We made several recommendations to the aged care inquiry and central to this is the need to tackle the oral healthcare of seniors not only within aged care, but in the years before they enter the system. Yet the health assessments done by GPs for the over 75s don’t currently include oral health.

Reasons for poor oral health

Many older people enter aged care with poor oral health for several reasons. They may only go to the dentist when in pain, or they have reduced manual dexterity from arthritis making brushing and flossing challenging, or perhaps dementia is a contributory factor and they’re not aware brushing is a necessity.

Add to this the many complex health conditions older people suffer and associated medications that can result in reduced saliva flow, increasing the risk of dental caries and gum disease. In fact, Australian Institute of Health and Welfare statistics show that over half of the over 65s have gum disease.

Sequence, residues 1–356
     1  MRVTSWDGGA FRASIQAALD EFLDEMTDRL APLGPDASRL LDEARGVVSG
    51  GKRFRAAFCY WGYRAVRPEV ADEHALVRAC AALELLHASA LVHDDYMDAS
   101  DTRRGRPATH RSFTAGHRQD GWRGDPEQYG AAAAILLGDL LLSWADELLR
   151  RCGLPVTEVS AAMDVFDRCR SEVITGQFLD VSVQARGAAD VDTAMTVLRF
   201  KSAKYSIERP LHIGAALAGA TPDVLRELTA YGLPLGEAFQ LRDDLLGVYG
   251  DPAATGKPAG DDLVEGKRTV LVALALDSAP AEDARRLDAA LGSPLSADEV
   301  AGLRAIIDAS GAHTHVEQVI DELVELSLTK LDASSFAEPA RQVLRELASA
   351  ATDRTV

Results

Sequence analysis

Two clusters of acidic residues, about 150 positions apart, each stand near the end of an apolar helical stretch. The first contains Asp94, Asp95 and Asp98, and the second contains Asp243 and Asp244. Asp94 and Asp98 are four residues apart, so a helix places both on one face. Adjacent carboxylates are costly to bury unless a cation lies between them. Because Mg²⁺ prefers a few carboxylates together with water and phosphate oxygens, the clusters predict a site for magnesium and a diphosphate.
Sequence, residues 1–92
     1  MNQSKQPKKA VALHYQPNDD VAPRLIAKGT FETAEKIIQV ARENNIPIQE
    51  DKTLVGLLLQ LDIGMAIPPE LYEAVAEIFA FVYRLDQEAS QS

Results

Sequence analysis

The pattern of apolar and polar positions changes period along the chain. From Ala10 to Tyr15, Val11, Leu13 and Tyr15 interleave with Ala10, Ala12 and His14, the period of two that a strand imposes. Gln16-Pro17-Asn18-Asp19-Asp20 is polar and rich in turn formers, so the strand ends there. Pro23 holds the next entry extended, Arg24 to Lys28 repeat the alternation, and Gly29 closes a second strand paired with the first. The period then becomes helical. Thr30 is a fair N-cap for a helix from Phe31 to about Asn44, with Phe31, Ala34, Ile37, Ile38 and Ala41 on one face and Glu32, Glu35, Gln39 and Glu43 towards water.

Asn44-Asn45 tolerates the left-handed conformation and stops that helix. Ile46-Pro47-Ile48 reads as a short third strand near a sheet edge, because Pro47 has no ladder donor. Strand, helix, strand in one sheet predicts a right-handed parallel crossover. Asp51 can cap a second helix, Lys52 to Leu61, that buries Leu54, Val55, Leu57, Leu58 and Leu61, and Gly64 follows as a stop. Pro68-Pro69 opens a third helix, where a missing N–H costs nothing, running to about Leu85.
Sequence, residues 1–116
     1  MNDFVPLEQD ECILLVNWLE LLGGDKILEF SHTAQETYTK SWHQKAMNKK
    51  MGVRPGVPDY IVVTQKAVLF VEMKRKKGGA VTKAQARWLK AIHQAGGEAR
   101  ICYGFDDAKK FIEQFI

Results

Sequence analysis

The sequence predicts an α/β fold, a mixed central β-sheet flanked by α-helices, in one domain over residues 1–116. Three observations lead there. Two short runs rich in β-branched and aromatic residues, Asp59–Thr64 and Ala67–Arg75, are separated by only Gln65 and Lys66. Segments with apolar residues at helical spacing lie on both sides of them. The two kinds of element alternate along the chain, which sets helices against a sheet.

Addressing and preventing these problems requires careful daily attention to oral hygiene, as well as regular reviews by a dentist. Under the current aged care system, none of this happens.

Some of the consequences of this are borne out in studies showing that high levels of plaque accumulate on residents’ natural teeth and dentures, which places them at high risk for developing aspiration pneumonia, a condition which can be fatal and demands transfer an acute care facility.

Several reviews found that daily brushing of nursing home residents’ teeth or dentures could dramatically reduce that pneumonia risk – in one study by almost 40 per cent for pneumonia and almost 60 per cent for fatal pneumonia.

Knowing what a difference even basic oral hygiene steps can make is one of many incentives to resolve this issue of understaffed residential homes, where care worker have not received appropriate training.

Royal commission recommendations

In our royal commission submission, we recommended setting up the ‘seniors dental benefits schedule’, a national funding model to make dentistry accessible to older Australians in both the public and private sectors. The royal commissioners agreed and included it in their set of recommendations.